We structured each of the two days around a big theme, with the first session having a lead presentation from SUEZ followed by responses from a couple of our customers, reflecting on how they see the issue in hand effecting their services and situations, followed by open questions from the delegates which I chaired. This seemed to work well in terms of setting them scene and setting everyone up for session two which was a deep dive workshop to answer specific questions that related to the core content of the previous session, and the level of engagement, the obvious willingness to share and learn was clear to all as we got stuck in before reporting back to the wider group before lunch.

The first day focused on the policy reforms facing UK resource and waste management, covering off updates from us on the Environment Bill, extended producer responsibility regulatory reform, the planned deposit return scheme and consistent collections. With the next stage of consultations planned for early 2021, this was an ideal time to reflect on what was happening on each of these critical reforms, to share intelligence, and gather consensus on outstanding issues and concerns. And as we listened to our customers it became clear that they were not all in the same place when it came to understanding and appreciation of the issues, and that many had been so flat out delivering front line services during the lockdown that they were now in catch-up mode!

Day two was focused on the other really big issue facing our municipal customers, and all sectors right now, namely the route to decarbonising the UK and the options for net zero carbon waste systems.  Again, we shared our insights and an extensive amount of modelling that we have done around our current carbon footprint and how this is impacted by changes in the materials we handle, the way we operate our facilities and the desires of our customers. The customers participated in a robust discussion about possible short and long-term interventions and looked at greater collaboration and transparency as being key to making progress.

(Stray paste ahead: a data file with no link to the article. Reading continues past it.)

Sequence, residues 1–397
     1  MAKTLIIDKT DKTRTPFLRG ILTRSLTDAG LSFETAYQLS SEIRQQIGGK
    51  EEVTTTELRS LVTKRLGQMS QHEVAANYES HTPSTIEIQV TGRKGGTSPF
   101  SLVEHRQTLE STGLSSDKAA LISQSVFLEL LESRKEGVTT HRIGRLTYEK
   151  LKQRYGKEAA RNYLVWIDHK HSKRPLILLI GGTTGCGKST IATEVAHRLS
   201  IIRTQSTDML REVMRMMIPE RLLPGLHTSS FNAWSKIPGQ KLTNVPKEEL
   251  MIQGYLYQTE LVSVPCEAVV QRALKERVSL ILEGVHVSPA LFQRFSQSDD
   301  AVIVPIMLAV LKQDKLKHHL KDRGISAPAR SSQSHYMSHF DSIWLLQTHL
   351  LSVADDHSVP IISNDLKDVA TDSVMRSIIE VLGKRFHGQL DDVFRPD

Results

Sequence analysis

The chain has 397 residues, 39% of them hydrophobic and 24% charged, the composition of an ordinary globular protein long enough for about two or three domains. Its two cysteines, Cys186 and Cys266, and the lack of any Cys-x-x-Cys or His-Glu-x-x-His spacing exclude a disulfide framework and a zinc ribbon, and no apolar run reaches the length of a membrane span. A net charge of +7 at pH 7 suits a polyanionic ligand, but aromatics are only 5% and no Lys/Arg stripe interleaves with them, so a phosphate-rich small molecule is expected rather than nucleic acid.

As I mentioned earlier, we used lunch as an informal drop in networking opportunity, with people joining us whilst enjoying a homemade sandwich, as we reflected on the mornings discussions and looked ahead to what was concerning the delegates. It was a great opportunity for some of the local authority officers to chat with private sector companies like Nestlé and Unilever and for all parties to start to build a mutual appreciation of each other’s issues, expectations and priorities.